Unless otherwise stated, the following facts are undisputed.

Both appellants are from Sarawak, Malaysia. Galing is 26 years of age, and was employed to load oil onto ships. Jabing is 24 years of age, and worked in Singapore for a rag and bone company.

In the afternoon of 17 February 2008, the appellants agreed, together with three other Sarawakians, Vencent Anak Anding (also known as “Vincent” or “Vencent”) (“Vencent”), a construction worker; Anthony Anak Jaban (“Anthony”); and Alan Anak Ajan (“Alan”), a colleague of Jabing’s, to rob two Bangladeshi co-workers of Vencent’s at a worksite at Tiong Bahru. The robbery was aborted because the two targets fortuitously left the worksite with their supervisor in his van. Despite this, the appellants, Vencent, Anthony and Alan remained at Tiong Bahru for some time, consuming liquor known as “Narcissus Ginseng Wine Tonic”.

Eventually, at about 7:00 pm, the five of them left Tiong Bahru and travelled to Geylang. There was some dispute as to whether or not there had been a plan to commit robbery at Geylang after the earlier plan was aborted. In his various statements, and during the trial, Galing maintained that there was no intention to commit robbery at Geylang, and that the intention (of all five individuals) in going to Geylang was to continue drinking. Jabing, however, stated to the police and at trial that the intention among them all in going to Geylang was to rob.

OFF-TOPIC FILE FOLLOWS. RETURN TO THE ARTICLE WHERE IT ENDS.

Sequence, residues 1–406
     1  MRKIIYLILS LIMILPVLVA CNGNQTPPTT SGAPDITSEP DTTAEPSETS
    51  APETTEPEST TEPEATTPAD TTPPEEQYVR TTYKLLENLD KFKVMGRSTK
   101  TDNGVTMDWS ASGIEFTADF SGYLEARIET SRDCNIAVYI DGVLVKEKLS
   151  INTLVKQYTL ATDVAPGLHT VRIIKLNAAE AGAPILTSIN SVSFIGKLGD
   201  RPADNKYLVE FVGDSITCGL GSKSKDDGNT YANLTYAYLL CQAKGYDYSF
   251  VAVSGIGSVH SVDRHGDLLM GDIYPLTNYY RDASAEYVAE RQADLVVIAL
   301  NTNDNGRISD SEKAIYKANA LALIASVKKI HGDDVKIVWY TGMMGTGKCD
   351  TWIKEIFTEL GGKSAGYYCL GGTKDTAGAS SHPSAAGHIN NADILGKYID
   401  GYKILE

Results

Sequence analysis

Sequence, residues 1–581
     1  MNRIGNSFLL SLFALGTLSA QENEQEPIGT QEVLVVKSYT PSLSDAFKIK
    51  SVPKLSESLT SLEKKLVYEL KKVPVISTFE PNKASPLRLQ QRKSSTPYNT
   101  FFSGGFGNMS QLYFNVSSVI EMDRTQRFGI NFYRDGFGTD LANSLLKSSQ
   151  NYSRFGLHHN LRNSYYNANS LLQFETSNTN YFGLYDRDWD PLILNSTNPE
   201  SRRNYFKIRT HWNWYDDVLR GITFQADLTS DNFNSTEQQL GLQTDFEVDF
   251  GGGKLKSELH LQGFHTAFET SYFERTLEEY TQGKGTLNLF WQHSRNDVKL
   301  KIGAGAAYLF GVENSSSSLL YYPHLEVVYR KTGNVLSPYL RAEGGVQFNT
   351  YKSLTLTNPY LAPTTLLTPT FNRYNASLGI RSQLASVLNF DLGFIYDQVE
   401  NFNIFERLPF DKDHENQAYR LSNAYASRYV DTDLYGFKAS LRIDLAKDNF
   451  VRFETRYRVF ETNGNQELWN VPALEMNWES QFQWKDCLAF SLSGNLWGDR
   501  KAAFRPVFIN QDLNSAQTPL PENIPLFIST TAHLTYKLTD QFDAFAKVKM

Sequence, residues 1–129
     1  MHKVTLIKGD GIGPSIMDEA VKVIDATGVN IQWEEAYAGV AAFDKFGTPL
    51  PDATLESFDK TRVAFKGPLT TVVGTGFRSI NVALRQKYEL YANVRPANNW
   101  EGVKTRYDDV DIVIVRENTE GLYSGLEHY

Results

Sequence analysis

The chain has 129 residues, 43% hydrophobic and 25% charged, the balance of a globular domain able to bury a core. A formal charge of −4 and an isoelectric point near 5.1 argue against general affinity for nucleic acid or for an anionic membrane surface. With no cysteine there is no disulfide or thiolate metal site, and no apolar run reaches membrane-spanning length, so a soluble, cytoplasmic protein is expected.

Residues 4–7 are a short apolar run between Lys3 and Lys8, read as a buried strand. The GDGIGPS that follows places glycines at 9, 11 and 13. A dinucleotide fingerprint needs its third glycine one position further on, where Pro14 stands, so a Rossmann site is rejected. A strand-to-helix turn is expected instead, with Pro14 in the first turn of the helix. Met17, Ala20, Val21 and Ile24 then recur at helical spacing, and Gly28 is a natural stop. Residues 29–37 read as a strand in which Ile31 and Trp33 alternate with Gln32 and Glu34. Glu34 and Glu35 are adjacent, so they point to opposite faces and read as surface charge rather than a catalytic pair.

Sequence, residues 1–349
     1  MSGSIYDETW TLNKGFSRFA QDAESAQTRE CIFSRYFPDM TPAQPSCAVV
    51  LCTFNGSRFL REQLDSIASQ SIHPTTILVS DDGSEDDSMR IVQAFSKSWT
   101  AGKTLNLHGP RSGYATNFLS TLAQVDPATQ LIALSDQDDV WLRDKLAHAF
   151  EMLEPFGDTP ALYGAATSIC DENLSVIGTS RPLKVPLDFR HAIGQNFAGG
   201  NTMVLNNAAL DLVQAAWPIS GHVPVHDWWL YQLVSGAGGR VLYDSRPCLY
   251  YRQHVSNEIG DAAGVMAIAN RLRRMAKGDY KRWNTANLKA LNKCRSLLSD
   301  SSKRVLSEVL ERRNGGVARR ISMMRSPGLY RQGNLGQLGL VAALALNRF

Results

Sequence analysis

At Geylang, along Lorong 4, the appellants walked some distance away from Vencent, Anthony and Alan. The appellants spotted two persons, Wu Jun and Cao Ruyin (“the deceased”) (collectively “the victims”), walking along a pathway in an open space near Geylang Drive, and assaulted them. Wu Jun was assaulted by Galing, by means of a belt wrapped around Galing’s hand or fist, with the metal belt buckle exposed. The deceased was assaulted by Jabing with what was variously described as a piece of wood or a tree branch (the “piece of wood”), which Jabing had picked up while approaching the victims. The deceased was also assaulted by Galing using the metal belt buckle. The deceased suffered severe head injuries inflicted from the piece of wood (from which he died on 23 February 2008), and his mobile phone was taken by Galing. Wu Jun escaped with minor injuries.